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What a great show this week at the WGC-Accenture Match Play Championship. The incredible play of Luke Donald was as impressive as you could ever hope to see in such a format. Donald only played 89 holes total, he led after 81 of them and never trailed to an opponent all week!
This week, "A Lesson Learned" focuses on how Gary Woodland made a series of small changes that created great progress and led to his first PGA victory.
What an awesome event golf on the PGA Tour was this past week. The drama and action were tremendous and seeing Bill Murray show some flashes of golf brilliance in addition to the levity he brings was quite a treat.
There were so many great storylines and lessons that all golfers could take from this past week's Northern Trust Open at Riviera.
Well first of all, congratulations to Mark Wilson. Two wins in three starts this year! How's that for a pretty good percentage? He overcame a tough field under tough conditions to win. A well-deserved kudos to one of the good guys on Tour.
For those that might have been engrossed in the football playoffs on Sunday, you missed another great playoff - this one on the PGA Tour. Jhonattan Vegas won a three-man playoff, including winning on the second playoff hole after hitting a ball into the water!
Mark Wilson capped off an impressive week in Hawaii at the Waialae Country Club in Honolulu with a win playing some steady golf. Tim Clark and Steve Marino were right on his heels until the 18th hole where Wilson made his birdie putt to win by two. Mark Wilson played sol
Congratulations to Jonathan Byrd on opening the 2011 PGA Tour season with a great playoff win.
For all of the fair weather golf fans that changed the channel when J.B. Holmes found the hazard on 15, you missed a great finish in the FBR Open.
I'm standing on the tee, driver in one hand, ball and tee in the other. I start telling my playing partners a funny story. I turn, briefly glance out over the hole and bend to press the tee into the ground. The tale continues. I address the ball -- still recanting the story.
We've all read articles and heard TV commentary about restricting your hip turn on the backswing to develop more coil and increase you X-Factor (the differential in degrees of rotation between shoulder rotation and hip rotation).
Address and impact have two very different looks to them as well they should. However, the angle of the clubshaft is one thing that golfers should try to make look the same at impact as it was at address. A great way to tell if you are accomplishing this goal is to look at your divots.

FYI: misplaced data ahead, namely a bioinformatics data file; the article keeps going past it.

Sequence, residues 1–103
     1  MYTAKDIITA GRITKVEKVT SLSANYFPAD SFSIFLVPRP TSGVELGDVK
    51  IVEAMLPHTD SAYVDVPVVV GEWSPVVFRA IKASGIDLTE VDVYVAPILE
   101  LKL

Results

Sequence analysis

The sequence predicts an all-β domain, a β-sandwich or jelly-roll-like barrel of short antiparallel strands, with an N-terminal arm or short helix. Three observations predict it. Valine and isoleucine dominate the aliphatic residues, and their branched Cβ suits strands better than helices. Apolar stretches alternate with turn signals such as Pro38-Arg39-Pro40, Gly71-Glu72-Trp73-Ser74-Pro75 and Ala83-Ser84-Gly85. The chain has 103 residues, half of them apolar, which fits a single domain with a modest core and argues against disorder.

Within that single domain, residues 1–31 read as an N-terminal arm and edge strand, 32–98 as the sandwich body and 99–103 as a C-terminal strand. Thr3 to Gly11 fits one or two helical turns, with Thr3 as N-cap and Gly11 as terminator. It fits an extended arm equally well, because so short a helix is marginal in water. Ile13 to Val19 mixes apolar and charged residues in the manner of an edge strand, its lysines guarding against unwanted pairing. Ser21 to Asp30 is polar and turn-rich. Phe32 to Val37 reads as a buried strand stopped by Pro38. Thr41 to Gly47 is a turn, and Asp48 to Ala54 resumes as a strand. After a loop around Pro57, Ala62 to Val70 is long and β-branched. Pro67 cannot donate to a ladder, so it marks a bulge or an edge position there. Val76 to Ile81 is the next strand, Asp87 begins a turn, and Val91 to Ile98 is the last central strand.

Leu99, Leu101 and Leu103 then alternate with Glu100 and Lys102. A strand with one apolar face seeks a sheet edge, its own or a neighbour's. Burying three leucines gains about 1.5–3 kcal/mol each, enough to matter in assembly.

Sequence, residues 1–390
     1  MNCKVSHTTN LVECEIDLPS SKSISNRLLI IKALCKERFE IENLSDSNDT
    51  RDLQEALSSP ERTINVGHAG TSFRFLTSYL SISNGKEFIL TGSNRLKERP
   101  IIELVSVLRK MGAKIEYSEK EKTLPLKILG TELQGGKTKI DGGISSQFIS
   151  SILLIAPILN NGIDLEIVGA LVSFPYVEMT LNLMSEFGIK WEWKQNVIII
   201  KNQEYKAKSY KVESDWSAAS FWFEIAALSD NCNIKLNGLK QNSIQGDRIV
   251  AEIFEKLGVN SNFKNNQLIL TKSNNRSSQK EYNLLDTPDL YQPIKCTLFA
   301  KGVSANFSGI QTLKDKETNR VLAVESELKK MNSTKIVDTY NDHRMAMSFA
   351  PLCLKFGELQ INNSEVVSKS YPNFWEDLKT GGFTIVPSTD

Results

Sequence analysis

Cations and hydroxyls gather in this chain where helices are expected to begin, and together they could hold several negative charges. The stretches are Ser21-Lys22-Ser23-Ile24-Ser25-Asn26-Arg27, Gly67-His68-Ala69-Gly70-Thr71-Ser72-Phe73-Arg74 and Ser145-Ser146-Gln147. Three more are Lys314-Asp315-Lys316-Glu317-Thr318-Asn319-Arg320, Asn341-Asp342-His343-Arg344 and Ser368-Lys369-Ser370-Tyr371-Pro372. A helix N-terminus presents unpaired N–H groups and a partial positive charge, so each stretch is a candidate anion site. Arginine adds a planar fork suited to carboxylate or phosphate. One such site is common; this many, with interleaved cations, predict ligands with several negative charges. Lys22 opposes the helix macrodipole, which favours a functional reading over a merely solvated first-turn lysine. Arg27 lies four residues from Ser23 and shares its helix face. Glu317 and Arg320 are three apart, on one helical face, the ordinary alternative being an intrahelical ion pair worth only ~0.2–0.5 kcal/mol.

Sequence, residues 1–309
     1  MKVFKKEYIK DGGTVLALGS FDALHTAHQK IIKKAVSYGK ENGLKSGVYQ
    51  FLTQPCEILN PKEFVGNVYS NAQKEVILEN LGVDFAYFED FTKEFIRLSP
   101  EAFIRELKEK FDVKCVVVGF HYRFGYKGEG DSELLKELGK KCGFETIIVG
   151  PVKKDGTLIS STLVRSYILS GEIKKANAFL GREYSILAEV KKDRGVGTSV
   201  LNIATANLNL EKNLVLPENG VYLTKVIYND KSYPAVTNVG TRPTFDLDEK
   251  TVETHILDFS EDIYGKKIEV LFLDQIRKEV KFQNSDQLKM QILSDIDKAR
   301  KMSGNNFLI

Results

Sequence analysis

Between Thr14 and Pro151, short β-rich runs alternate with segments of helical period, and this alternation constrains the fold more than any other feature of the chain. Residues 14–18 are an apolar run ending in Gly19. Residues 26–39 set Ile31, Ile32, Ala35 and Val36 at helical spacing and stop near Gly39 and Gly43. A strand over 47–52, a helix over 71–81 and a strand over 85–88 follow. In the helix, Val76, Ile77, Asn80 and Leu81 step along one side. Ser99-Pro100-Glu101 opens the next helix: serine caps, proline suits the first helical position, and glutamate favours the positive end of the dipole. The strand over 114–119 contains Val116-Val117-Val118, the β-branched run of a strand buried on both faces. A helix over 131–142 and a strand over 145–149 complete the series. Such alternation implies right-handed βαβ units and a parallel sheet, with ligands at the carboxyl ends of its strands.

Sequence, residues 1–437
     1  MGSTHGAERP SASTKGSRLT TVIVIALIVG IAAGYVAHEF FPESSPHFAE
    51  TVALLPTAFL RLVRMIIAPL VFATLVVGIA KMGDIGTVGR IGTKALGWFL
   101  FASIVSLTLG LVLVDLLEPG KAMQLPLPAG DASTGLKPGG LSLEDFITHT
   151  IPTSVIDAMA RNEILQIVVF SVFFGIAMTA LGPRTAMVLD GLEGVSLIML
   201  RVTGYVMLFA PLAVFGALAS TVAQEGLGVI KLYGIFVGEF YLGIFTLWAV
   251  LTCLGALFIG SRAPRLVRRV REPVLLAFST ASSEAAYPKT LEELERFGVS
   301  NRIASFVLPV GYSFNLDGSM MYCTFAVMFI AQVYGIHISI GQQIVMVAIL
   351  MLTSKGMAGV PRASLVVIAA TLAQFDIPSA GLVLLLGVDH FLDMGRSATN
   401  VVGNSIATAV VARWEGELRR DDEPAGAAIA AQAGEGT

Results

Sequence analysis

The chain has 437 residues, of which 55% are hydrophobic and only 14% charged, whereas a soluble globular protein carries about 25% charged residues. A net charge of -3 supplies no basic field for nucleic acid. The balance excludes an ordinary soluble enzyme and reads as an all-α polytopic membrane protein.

You play the same way you practice is a coaching adage used in all sports at all levels. If it is true, most golfers have little hope of playing well. It is common to see golfers practice without focus, without targets, with frustration and with mechanical thoughts that are often misguided.
Developing a proper grip requires a sound understanding of how the placement of the hands impacts the direction of the clubface and the wrists throughout the swing.
In order to develop a fundamentally sound address position to play your best golf, you need to understand the various components involved.
It's mind boggling to consider all the elements of correct body movement required to arrive at impact with a square clubface along with a clubhead path down the target line -- positioning ourselves for a straight shot.
This week, I'd like to write about the role of the hips since they, along with proper shoulder rotation, are critical in executing a strong, consistent golf swing. In fact, those two movements must work together.
Two of the biggest factors that contribute to distance are hitting the golf ball in the center of the club face, and creating speed. Think of your swing as having two engines - your body and your arms. Both are power producers and both have their role in the swing.
The golf season is upon many of us and with the Masters on tap I thought I would throw out a variety of quick tips that may help you and me with our golf games. Pitch Shots: The forty yard shot or closer is tough for many players.
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